I would, I would agree with that. In general. I, instead of saying distancing versus lockdown, I sort of tried to say “smart distancing”. I mean lockdown is a form of distancing, but it’s a very extreme form. I’ve called it “medieval distancing”. And you know, I think there’s no doubt if you, if you had a country and you started out before there was any Coronavirus, and you were locking people down, you know, not letting people ever talk to other people. Well the the country would not get even a single case of coronavirus. So in that sense, you know, if nobody meets anybody and you don’t catch it over the internet, you’re fine. Except that – are you really fine? And you know, I think there’s an issue here about epidemiologists – who certainly used to maintain that there should be no shutdowns, there should be no stopping of global transportation. Things should be allowed to sort of reach the equilibrium in whatever way. Now the key thing here is, is controlling overloading of hospitals ICU’s and things like that and that I think requires a careful control. But I remember very early on saying that one should fiscally monitor very carefully. And one thing I did discover from the work in China is that just looking at number of cases per day, divided by yesterday’s, is a very, very good indication of how the virus is growing. So you could almost imagine that if you were a benevolent leader, you would decide that you want to try to cause as little damage, but also realize from the numbers that this virus is not going to kill much more than flu is going to kill. It’s a small number for flu, which is a bad disease. But it’s a disease which we have to put up with because flu mutates and people still don’t even take vaccines.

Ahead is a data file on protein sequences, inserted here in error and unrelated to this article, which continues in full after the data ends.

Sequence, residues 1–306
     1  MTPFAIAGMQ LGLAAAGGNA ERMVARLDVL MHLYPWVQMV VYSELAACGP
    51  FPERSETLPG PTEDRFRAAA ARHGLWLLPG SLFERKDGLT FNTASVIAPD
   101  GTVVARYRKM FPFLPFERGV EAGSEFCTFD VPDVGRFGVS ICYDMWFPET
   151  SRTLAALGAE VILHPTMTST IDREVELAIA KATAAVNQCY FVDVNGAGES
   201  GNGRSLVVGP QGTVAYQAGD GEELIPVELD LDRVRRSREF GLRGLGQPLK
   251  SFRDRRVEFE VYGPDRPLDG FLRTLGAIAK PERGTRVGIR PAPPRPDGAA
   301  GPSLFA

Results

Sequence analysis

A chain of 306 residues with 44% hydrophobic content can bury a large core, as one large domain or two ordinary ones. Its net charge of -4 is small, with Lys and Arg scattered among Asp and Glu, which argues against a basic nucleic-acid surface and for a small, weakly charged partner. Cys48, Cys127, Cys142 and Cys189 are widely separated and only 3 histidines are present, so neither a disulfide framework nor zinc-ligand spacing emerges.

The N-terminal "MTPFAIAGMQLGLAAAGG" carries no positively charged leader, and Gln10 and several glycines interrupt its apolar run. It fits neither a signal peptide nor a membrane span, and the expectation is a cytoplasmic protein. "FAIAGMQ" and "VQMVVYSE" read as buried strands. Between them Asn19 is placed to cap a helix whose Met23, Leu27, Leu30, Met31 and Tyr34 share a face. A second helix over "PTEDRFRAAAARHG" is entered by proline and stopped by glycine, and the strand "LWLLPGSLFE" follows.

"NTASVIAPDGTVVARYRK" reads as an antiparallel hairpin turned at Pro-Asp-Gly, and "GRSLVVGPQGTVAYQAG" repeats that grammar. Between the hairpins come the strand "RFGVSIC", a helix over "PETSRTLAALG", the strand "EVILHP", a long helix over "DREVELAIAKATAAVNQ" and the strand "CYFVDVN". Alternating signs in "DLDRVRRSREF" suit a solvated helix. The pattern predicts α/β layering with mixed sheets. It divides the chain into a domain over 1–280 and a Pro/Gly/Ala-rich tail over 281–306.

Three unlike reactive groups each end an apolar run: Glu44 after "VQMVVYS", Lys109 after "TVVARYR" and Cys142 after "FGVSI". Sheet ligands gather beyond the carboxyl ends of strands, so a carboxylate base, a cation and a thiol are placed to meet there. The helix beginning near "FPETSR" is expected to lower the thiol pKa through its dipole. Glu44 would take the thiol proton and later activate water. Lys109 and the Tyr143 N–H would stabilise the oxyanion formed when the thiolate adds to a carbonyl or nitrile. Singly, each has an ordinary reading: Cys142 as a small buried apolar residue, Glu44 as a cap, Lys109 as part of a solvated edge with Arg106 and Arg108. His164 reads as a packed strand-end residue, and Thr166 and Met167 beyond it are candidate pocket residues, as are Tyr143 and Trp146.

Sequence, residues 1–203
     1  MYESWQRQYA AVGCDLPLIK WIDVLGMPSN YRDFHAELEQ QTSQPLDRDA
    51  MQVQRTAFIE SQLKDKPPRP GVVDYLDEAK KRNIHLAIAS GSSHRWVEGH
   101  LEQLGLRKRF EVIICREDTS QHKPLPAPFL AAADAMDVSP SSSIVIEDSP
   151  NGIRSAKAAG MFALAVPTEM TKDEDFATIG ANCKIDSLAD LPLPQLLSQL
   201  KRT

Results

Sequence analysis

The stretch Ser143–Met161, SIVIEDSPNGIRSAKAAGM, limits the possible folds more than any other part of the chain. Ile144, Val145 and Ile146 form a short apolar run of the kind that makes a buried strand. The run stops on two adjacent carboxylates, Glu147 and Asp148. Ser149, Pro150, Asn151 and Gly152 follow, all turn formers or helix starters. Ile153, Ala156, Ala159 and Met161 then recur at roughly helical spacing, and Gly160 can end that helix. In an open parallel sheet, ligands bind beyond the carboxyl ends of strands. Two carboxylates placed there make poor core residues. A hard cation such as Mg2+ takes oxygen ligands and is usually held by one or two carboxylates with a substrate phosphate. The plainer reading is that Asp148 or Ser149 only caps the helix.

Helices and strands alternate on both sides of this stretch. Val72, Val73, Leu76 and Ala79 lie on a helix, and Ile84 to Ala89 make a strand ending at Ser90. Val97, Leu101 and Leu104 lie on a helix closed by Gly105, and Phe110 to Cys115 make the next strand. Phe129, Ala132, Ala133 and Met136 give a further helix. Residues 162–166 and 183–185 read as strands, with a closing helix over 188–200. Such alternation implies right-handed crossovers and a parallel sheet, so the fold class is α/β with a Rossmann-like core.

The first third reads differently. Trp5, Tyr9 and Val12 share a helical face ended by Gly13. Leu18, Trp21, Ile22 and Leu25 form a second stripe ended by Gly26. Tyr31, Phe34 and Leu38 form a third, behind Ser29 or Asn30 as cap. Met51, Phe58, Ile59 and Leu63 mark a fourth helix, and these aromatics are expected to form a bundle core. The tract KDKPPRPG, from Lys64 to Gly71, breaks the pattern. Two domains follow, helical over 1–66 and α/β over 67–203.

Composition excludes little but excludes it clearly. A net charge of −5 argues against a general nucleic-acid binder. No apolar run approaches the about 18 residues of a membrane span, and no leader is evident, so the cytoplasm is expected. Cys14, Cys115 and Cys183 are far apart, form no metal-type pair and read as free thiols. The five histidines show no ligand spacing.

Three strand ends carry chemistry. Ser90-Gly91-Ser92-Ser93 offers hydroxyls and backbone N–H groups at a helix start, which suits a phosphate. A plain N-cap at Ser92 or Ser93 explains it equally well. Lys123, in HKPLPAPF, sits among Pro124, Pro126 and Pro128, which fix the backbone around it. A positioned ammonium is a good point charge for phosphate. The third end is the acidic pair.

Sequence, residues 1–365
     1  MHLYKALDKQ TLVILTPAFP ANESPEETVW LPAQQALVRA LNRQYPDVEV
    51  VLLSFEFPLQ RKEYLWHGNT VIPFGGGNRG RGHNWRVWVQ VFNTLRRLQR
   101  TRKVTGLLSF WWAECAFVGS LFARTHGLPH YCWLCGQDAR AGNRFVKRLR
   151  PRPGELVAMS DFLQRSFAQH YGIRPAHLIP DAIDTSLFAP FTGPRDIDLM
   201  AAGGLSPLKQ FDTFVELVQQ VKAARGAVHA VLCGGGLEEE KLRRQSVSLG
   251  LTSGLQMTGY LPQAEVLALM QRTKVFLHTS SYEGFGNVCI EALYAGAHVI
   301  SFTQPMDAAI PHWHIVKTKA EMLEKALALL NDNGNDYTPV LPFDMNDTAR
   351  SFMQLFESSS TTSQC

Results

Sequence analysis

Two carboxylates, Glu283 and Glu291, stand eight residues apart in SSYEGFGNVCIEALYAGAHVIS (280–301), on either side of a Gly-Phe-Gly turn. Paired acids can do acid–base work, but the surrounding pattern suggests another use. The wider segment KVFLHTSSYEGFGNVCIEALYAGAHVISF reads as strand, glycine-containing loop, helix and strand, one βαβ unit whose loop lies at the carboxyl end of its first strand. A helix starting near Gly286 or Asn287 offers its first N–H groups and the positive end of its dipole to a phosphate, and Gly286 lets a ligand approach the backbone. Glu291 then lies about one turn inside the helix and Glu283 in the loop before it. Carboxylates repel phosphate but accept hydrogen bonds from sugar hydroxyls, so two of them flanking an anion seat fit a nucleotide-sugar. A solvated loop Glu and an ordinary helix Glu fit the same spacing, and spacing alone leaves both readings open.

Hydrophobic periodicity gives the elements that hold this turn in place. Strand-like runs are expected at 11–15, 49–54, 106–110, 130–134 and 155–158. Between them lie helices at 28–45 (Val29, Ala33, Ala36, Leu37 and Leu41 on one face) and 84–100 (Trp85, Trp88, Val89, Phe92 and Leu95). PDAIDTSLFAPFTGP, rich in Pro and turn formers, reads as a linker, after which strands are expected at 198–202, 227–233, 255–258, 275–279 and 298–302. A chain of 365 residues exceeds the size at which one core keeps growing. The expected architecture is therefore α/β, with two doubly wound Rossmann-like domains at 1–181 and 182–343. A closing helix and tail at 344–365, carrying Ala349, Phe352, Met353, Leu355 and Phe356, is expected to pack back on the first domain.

Professor Levitt (00:08:46):
So you could almost argue that flu is like the threshold of acceptable risk at least in terms of experience. Countries never have locked down at least since last hundred years for flu and there’s been a lot of flu around. So I think that’s a smart thing to do would be – as I said it sounds rather cruel – but basically adjust social distancing in a very dynamic way to keep the ICU full, but never overflowing. Don’t lock down locally. I think local lockdown like schools and locally makes no sense – but you might, for example, let’s say an Island which would be a analogy. Let’s just imagine that Dublin is really full on, but there’s nothing yet going on in Cork town – so you may want to not let people travel freely between Dublin and Cork and so you might want to restrict interruption travel or for example, if there are trains, take the people’s temperatures, make them wear masks and things like this.
Professor Levitt (00:32:24):
I think the numbers in Europe are dropping very quickly. And where are you going to find this? That, I mean in a very strange way, And one thing that amazed me, Israel is a small country, but their excess burden of death is negative 500. And this is actually shown in the financial times. They only emphasized those that were over. So basically if we want to shut down economies and save lives, we can – but that kind of shouldn’t be what we’re optimizing.